Digital Natives Eng 101 Activity

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Digital Natives Eng 101 Activity

  1. 1. Information quality goes directly to the heart of what it means to have a free society. Unfortunately, not all Digital Natives see it this way. In conversations with Digital Natives about information quality, questions like “So what” and “Who cares?” are common refrains. The majority of the population born digital doesn’t perceive quality of information as an important issue, it seems. Palfrey and Gasser, 161
  2. 2. Children who spend more time online—Digital Natives—are more likely to be better equipped to make judgments about information quality. Studies show that children who have the most extensive access to the Internet are more likely than their less experienced peers to take a skeptical view of the kinds of information they draw from Web-based sources like Wikipedia. A possible way to explain this phenomenon is that children with unrestricted access have the time to experience knowledge production as a collaborative experience, while young people who access the internet, for instance, through computers in the library need to get the information very quickly and thus don’t have time to evaluate their sources carefully. -Palfrey and Gasser, 166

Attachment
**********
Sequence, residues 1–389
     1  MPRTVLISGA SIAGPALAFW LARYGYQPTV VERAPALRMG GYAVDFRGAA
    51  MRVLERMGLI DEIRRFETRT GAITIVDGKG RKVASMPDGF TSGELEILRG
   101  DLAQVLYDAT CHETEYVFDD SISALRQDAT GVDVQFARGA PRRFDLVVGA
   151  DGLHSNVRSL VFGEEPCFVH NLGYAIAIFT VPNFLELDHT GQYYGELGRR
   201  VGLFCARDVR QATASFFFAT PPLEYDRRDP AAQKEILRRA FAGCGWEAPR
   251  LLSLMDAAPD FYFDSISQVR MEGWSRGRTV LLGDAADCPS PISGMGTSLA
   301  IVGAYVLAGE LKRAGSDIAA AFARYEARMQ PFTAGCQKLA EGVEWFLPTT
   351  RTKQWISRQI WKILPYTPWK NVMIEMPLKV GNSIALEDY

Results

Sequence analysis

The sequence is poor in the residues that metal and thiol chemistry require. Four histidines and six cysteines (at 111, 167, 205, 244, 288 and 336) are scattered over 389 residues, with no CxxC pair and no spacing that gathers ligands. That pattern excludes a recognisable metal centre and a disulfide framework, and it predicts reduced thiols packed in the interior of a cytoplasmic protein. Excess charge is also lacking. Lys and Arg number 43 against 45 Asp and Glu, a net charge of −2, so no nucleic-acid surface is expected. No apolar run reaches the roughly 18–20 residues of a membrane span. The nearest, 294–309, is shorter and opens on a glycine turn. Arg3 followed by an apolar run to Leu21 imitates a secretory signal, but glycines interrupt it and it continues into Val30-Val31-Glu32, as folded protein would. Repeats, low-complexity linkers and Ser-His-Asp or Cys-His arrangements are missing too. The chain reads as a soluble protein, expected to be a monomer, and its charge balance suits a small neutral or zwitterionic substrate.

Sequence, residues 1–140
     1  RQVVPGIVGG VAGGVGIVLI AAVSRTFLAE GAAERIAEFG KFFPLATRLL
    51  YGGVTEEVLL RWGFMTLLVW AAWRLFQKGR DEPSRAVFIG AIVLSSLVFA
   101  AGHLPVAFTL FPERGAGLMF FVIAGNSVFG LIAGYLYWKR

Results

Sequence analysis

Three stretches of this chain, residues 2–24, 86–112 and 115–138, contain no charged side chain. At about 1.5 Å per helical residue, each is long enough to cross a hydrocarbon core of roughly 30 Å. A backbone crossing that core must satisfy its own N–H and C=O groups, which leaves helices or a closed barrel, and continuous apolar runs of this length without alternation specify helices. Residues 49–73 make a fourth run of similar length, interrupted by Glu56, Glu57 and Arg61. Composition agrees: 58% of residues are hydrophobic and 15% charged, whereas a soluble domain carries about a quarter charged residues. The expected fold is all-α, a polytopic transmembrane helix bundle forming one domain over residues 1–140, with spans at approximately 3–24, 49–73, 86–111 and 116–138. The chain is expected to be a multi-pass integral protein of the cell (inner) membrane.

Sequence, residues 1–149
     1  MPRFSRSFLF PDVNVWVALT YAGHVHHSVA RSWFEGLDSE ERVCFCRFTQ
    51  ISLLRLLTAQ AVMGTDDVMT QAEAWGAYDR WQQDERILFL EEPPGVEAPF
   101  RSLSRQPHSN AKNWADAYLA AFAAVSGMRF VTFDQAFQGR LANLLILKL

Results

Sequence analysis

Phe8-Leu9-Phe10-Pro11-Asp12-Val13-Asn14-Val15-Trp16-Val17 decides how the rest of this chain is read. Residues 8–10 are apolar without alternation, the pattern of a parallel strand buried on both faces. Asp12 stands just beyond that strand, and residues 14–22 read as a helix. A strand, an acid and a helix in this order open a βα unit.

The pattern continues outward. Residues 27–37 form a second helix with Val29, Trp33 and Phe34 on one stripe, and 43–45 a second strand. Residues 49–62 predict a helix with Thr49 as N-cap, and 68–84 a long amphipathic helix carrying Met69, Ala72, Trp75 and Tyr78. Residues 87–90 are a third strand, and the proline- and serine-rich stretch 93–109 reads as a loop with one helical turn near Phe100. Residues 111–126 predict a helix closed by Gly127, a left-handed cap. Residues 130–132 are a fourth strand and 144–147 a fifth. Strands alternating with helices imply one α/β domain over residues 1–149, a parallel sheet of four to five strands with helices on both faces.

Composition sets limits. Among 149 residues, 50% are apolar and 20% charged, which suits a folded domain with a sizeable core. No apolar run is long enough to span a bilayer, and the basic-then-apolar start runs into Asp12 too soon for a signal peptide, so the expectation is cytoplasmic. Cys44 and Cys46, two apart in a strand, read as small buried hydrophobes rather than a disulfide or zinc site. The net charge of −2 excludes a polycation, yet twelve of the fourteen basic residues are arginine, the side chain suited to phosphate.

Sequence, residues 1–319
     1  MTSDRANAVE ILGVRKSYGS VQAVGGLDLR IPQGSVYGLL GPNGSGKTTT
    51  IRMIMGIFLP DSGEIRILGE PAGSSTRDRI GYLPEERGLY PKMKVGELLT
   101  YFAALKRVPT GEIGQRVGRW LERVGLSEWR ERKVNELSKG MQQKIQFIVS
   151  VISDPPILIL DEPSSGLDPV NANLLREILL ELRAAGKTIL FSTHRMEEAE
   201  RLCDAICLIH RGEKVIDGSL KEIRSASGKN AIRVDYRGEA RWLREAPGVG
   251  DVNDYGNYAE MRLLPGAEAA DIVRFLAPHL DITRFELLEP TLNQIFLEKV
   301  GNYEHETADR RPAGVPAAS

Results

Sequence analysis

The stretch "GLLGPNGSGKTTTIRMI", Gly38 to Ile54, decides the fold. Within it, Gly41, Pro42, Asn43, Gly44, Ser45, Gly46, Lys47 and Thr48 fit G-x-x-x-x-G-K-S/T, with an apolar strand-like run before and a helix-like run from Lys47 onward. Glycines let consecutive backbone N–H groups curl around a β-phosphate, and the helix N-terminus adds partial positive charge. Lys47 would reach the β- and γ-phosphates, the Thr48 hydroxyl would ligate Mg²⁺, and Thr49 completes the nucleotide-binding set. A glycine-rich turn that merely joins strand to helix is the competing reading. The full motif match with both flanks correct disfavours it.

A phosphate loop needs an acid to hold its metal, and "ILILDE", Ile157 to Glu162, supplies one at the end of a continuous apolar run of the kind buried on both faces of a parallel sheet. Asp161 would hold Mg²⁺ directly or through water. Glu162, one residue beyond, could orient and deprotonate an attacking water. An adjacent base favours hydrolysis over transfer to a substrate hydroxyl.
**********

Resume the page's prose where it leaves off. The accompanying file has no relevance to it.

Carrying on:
3. 3. There is no generalizable, abstract answer to the question of what information quality is. When speaking about information quality, we need to ask: “Quality” viewed from what perspective and in what context? -Palfrey and Gasser, 165

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